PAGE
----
Higher costs, supply issues, and labor shortages are negatively affecting the impact of President Joe Biden’s biggest accomplishment.
President Biden signed the infrastructure law last November. It represented the largest federal investment in infrastructure in over a decade, aiming to repair roads and bridges, upgrade the electrical grid, and expand internet access across the country. Passing the law was seen as a key political victory for a floundering Biden and stagnant Democrats in Congress.
However, its goals are hampered by ongoing inflation and supply chain issues. According to the Wall Street Journal, the higher prices may affect government decisions about how to spend the new federal money. If prices continue to rise, officials may prefer projects with shorter timelines or projects that rely less on volatile commodities such as steel. They may still select projects based on need, which will take longer and take up more of the law’s fund than initially expected.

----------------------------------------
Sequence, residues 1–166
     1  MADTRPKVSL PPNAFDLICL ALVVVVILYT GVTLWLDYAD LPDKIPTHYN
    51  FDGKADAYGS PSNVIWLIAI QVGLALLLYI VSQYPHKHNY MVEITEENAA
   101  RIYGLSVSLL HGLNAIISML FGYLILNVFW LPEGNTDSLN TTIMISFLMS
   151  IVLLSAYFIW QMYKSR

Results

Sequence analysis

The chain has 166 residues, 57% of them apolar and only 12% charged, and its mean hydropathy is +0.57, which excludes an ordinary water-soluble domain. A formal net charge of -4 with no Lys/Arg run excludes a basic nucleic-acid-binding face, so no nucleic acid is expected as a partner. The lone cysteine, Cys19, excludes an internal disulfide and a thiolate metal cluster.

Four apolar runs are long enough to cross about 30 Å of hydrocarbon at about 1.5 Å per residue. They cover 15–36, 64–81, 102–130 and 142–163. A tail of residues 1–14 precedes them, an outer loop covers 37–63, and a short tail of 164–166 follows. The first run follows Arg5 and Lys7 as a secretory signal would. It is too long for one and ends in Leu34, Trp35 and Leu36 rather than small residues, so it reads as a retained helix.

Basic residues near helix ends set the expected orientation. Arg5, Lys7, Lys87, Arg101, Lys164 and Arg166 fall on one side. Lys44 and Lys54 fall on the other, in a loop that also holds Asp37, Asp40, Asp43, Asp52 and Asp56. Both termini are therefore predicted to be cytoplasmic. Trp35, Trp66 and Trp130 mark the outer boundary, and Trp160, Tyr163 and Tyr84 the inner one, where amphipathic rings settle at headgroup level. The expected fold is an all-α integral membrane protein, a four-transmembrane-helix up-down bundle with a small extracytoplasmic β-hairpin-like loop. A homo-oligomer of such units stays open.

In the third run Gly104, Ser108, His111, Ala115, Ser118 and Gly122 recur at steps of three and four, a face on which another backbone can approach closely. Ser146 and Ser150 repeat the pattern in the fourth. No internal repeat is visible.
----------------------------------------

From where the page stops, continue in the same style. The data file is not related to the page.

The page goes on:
“There’s this hidden effect of inflation, which is that it should push you to choose projects that have less risk of delay and there’s more certainty of cost,” said Leah Brooks, an economist at George Washington University. “Those are probably smaller projects.”